Phillips died at his home in Boca Raton, Florida, after a long battle with non-Hodgkin lymphoma. He was 86.
Called respectfully by all 'Mr. Phillips,' he created and led Seachest, the entity that provided F&B, photo, gift shops and bon voyage services (including weddings) for the Fun Ships.
'Mr. Phillips was a huge influence in my early days at Carnival and had an enormous impact on the company’s growth and success over the years. He stressed quality, consistency and fiscal discipline amongst other things that live on to this day,' said Cyrus Marfatia, VP culinary and dining for Carnival. 'Above all, he was a very kind and caring person. He was a true mentor and friend who molded me into what I am today ... He will never be forgotten.'
Warm, direct management style
'Everette Phillips was the first icon of the cruise industry I met, when he said I was too young to work on board the MS Boheme,' recounted Carnival veteran operations executive Roger Blum who, as a boy, regularly rode his bike to PortMiami trying to get a cruise ship job. A few years later, when Phillips joined Carnival, 'he became a true mentor and friend,' Blum continued.
'When Carnival started to design and build their own vessels, Mr. Phillips was the visionary behind many of the amenities that became industry standards. But, for me, his true legacy is his warm, direct management style that was behind the friendly atmosphere on Carnival Cruise Line vessels.'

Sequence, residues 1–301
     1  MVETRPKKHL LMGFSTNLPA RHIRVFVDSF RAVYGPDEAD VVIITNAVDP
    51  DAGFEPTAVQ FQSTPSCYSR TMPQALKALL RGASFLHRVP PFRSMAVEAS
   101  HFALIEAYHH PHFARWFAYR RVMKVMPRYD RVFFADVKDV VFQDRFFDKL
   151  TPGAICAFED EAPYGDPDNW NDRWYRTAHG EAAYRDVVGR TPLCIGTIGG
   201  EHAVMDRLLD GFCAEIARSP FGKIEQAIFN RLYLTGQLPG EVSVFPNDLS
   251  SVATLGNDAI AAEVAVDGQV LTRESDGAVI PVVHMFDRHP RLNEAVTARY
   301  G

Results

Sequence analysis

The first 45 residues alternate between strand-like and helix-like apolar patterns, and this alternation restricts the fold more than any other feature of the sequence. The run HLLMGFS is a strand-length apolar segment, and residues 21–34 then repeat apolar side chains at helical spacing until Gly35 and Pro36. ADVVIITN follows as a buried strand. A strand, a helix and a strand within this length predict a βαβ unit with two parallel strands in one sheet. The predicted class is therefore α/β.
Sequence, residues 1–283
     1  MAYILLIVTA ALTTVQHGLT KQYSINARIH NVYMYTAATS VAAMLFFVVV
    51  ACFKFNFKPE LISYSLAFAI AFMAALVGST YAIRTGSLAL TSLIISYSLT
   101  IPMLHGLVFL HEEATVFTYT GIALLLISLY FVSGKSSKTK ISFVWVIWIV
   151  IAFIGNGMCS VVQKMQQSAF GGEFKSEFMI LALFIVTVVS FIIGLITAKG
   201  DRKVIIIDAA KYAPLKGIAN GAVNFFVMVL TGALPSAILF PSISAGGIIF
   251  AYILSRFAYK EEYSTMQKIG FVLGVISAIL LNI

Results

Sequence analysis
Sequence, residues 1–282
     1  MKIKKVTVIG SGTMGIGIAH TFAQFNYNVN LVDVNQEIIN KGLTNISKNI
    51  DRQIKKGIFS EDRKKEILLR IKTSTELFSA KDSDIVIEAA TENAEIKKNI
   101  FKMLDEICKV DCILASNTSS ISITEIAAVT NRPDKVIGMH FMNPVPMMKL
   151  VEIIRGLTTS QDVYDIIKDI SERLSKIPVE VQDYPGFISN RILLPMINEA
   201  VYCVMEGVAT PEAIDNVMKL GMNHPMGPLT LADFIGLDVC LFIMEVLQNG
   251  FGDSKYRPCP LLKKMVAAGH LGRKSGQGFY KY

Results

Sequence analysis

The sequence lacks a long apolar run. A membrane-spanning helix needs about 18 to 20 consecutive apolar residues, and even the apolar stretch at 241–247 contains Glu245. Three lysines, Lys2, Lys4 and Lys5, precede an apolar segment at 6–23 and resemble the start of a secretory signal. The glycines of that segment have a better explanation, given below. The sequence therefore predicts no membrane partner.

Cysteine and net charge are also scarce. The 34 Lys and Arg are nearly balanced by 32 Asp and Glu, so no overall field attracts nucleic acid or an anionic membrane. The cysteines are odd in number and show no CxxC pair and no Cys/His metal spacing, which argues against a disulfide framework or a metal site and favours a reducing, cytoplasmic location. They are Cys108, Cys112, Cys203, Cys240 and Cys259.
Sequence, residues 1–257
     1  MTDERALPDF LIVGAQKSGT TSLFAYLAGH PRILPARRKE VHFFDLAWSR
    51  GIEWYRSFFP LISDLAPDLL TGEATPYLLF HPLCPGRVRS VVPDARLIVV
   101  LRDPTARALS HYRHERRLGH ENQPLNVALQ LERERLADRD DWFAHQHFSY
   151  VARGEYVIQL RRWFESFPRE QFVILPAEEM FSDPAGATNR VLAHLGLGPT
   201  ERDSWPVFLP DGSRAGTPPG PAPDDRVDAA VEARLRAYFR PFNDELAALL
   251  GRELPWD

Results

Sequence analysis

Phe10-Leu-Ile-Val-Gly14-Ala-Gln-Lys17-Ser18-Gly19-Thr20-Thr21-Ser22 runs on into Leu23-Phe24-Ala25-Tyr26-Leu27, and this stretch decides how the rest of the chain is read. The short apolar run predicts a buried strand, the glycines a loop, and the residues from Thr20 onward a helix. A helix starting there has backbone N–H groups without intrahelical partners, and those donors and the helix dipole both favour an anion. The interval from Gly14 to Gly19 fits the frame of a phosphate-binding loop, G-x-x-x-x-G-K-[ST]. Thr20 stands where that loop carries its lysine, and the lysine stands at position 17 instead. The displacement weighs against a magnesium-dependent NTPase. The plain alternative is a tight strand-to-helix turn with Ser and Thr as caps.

Victoriano Bernardez, a longtime F&B employee, was 19 when he met Phillips. 'He put his trust in me. I placed my total faith in him,' Bernardez said. 'I have never known a man with such a gentle nature who was able to lead so many. His examples will forever be a part of Carnival Cruise Line.'
Putting fun into the dining
According to Carnival brand ambassador and senior cruise director John Heald, Phillips started the dancing in the dining rooms (with 'Hot, Hot, Hot,' still popular today), the parades, 'the smiles and the fun that is one of our greatest traditions.' He never forgot a name and always thanked every crew member he met.
'He was the kind of guy who brought authority to the job with a soft touch,' added Carnival veteran sales executive Maurice Zarmati. 'He was a gentleman. He had an inquisitive mind and a very fair approach. When he spoke to you, he looked you in the eye. He was never distracted. He always made you feel comfortable.'
Zarmati noted how Phillips traveled far and wide to recruit the talent who have been so key to Carnival, people like Marfatia and the late Natko Nincevic, who succeeded Phillips.
'Everybody loved him'
'He was very good at what he did, excellent,' Zarmati said. 'He was a special human being and everybody loved him. Everybody.'
In the 1960s, Phillips had established a reputation as a successful shoreside restaurant manager whose Morrison's Cafeterias were popular and profitable. Eastern Steamship Lines tapped Morrison's to provide catering and Blum recalled Phillips talking about being aboard Bahama Star when it rescued people from the burning Yarmouth Castle.
After Eastern, Phillips launched his own home delivery catering business and owned a couple downtown Miami restaurants. He then worked as general manager for Commodore Cruise Lines before being recruited to Chandris as F&B manager in 1976. He spent two years on Victoria and Britanis in Europe.